On a sunny, cold Sunday in November, Victoria Laverde walked up to an information table at Plaza Las Americas in Lilburn and asked for federal help in signing up for health insurance under the Affordable Care Act.
It’s exactly what officials under the Trump administration hoped would happen when they made big changes to funding for ACA navigation. The government has made news as it stripped down the grant money, reducing Georgia’s enrollment navigator funding to $499,995, down from $1.4 million last year and $3.7 million in 2016. It’s virtually eliminated advertising, and it fired the major statewide nonprofits that used to be navigators. But with the remaining money, it made a bold choice.
Now, under the blessing of the Trump administration, Georgia’s navigator is a group that focuses on immigrants, and strongly on the Latino population.
The administration has now directed navigators to target populations “left behind” by previous marketing for the the ACA, also known as Obamacare. Hispanics, who make up 9.6 percent of Georgia’s population, remain the least-insured major American ethnic group. And Latinos in Georgia, according to 2016 U.S. Census Bureau figures, are more likely to be uninsured than they are in any other state.
Georgia Refugee Health and Mental Health, the new and only statewide navigator, has long been an ACA navigator organization in the past, but never with this much money or this much focus on the Hispanic population. This year’s grant more than triples what the federal government budgeted for the group last year. It exceeds by more than $100,000 any grant it ever received for navigation, even in the flush Obama years. In addition to its focus, Georgia Refugee Health and Mental Health is expected to do the job previous navigators did with the entire state population
The director in charge of the group says the strategy is working.
“People are making appointments both in English and in Spanish and wanting information,” said Kathleen Connors, the director of GRHMH and its new navigator arms, ObamacareParaLatinos.org and HealthCareGA.org.
“I had wanted to move into the Hispanic community,” she said on the day she first learned her organization was awarded the grant. “Millions of dollars have been spent in the state of Georgia. The people who were supposedly doing it weren’t making a dent.”
Whether the Latino population here was really “left behind” may depend on perspective. The rate of uninsured Hispanic people in Georgia is still very high, at 27 percent as of 2016. But that’s down from 44 percent in 2013, the year the ACA kicked in, according to the Kaiser Family Foundation.
“I don’t know what the term ‘left behind’ means,” said Samantha Artiga, a researcher on Latino enrollment at the Kaiser Family Foundation. Across the nation, “the uninsured rate for Hispanics significantly dropped,” she said. But, she added, they were starting from a significantly higher uninsured rate, so they’re still left with a long ways to go.
To be sure, the problem is not eligibility. Of those uninsured Hispanics, nearly half are U.S.-born citizens. Many more are naturalized citizens or have met requirements through their residency.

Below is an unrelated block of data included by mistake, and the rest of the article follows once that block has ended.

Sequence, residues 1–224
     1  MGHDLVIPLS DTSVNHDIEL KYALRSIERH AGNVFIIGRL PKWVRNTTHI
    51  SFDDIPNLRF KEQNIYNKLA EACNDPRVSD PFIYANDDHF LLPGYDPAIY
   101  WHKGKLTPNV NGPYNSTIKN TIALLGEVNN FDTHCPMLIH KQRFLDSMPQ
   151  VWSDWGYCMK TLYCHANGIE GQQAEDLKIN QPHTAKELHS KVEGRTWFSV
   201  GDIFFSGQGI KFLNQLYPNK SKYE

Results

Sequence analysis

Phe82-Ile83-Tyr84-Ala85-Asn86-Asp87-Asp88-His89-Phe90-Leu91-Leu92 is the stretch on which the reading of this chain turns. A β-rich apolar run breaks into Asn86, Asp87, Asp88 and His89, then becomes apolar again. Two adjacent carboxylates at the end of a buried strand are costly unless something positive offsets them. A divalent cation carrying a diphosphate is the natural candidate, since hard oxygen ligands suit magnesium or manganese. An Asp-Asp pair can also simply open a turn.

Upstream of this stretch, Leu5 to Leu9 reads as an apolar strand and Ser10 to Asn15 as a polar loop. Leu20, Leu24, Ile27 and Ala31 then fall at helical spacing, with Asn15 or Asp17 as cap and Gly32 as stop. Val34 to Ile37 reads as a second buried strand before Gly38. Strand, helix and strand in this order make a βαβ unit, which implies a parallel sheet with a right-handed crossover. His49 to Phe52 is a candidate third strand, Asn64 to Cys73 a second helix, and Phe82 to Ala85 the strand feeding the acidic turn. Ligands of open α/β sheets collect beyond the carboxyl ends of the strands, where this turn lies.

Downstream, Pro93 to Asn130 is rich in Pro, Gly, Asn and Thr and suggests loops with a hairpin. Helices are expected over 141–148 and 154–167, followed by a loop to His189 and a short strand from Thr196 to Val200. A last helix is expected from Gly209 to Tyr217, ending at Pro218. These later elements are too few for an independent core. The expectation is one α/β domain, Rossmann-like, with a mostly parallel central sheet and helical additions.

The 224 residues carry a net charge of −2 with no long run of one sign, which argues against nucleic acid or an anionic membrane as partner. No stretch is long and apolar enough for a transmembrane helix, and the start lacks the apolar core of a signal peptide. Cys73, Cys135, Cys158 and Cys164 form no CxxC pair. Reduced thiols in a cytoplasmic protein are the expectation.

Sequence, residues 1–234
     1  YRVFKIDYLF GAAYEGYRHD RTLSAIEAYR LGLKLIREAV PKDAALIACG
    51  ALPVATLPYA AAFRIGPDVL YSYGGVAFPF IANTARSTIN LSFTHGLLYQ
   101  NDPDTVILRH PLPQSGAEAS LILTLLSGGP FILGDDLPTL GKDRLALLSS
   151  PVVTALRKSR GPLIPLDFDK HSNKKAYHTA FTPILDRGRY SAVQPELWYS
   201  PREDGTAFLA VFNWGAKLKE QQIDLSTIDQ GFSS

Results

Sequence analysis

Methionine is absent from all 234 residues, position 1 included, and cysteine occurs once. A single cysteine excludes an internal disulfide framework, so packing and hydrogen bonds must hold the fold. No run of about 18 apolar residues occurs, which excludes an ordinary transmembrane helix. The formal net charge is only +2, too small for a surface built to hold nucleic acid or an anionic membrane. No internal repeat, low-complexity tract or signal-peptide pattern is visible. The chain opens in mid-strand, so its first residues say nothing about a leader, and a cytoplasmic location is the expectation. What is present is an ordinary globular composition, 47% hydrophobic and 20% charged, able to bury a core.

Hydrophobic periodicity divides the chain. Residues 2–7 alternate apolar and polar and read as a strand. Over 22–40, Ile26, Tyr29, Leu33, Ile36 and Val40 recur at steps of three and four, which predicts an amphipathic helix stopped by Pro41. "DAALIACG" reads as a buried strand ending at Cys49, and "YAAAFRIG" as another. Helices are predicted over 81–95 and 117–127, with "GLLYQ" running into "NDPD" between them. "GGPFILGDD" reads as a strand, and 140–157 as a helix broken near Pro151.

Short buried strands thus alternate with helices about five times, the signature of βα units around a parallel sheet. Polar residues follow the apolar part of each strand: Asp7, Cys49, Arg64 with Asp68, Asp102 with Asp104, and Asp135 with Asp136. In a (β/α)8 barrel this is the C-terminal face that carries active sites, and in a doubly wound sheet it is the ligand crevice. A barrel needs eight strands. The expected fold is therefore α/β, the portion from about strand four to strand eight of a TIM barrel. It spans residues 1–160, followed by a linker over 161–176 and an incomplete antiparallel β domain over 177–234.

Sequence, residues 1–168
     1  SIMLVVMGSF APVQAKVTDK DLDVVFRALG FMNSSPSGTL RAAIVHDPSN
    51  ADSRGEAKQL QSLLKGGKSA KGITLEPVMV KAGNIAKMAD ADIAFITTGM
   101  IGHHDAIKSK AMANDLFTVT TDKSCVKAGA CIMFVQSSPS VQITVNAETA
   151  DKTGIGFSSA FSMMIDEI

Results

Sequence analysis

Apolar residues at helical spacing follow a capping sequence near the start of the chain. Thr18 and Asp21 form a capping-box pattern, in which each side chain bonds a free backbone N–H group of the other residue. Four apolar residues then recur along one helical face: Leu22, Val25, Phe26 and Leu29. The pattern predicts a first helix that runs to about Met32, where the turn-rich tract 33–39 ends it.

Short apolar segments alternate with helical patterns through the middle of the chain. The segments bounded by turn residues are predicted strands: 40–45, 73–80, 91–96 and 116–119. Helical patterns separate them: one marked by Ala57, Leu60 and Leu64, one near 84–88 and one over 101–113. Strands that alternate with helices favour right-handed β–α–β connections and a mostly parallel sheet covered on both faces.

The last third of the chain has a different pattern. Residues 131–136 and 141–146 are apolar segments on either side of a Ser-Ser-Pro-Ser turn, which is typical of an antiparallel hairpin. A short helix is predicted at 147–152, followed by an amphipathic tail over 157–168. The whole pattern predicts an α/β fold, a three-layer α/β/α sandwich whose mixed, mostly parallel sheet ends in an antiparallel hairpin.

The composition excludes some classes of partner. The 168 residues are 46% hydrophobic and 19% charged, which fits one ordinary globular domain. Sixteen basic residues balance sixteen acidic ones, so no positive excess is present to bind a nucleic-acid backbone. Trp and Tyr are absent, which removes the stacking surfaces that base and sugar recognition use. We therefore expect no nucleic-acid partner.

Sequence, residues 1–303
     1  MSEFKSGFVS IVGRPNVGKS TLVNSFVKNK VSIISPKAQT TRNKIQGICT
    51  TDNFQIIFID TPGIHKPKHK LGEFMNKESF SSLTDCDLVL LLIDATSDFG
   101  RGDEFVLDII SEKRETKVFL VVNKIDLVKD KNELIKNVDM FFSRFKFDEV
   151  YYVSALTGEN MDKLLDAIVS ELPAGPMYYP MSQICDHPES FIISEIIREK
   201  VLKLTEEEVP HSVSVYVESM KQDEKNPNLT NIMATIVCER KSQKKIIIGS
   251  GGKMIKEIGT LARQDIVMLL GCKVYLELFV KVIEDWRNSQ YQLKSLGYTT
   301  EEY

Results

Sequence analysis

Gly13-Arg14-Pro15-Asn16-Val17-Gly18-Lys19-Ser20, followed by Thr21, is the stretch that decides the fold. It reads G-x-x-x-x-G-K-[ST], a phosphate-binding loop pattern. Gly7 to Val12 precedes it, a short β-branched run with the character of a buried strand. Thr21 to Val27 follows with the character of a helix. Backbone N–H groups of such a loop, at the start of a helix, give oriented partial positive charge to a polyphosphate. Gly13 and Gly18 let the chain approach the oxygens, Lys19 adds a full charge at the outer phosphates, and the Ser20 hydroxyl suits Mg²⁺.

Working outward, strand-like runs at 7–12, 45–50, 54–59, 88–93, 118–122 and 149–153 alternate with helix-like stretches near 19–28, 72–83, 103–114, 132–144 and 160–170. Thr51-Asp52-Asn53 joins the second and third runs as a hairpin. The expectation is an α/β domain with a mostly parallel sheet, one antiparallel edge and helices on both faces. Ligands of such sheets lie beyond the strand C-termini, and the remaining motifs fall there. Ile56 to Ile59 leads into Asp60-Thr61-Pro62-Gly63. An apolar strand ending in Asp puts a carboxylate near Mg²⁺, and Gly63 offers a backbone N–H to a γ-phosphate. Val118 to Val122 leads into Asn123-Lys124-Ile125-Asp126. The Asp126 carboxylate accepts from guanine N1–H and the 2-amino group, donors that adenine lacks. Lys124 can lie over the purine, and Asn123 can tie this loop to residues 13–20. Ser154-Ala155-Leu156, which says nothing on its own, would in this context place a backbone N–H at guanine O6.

Everyone who spoke for this story who has worked with the population said the reasons for the lag are many and strong.
“The people need to know what this insurance is about,” said Liseth Fernandez, a navigator at that information table at Plaza Las Americas. “Sometimes Latin people are behind because they don’t speak English. Or people may think it’s not true” — a scam — “or think it’s too expensive.”
Those are things navigation, especially in a person’s native language, can fix.
But another big reason, they said, was fear that an eligible person applying would lead to that person’s relatives being targeted in case they’re unauthorized immigrants.
That’s not supposed to happen, by federal rules, officials said. But the current administration’s focus on immigration has raised fears even for citizens and those here legally, they said. That ramped up after the administration proposed an order penalizing immigrant applicants if they took federal benefits they shouldn’t.
“Even though there are policies in place” to prevent one family member’s insurance sign-up from being used to track down another, unauthorized family member, said the researcher, Artiga, “I think there’s just so much fear and uncertainty — and it’s really ramped up — that I think families are just really wary of participating.”
Fred Ammons, who heads Community Health Works, the parent organization of the previous statewide navigator in Georgia, Insure Georgia, said it had made an important dent in the Hispanic uninsured population before it lost the grant this year. But the population includes people with specific challenges for health insurance, such as people who migrate from state to state for farm work, which makes insurance enrollment a mess. He notes that “dreamers,” people who were brought illegally to the U.S. as children but were raised here, are not eligible for ACA coverage even if they pay full price without subsidies.
For Laverde, an office worker, that’s not a problem. The Marietta resident is a U.S. citizen who spent years in her family’s home country of Colombia and just returned here in July. She tried enrolling on the federal marketplace website, healthcare.gov, directly but found it “crazy” and confusing. She was relieved to find the navigators’ table because she’s uninsured right now and is glad it won’t stay that way.
“It’s horrible. It’s very scary,” she said. “I have a 12-year-old. It’s really, really weird that you don’t have protection just for emergencies.”
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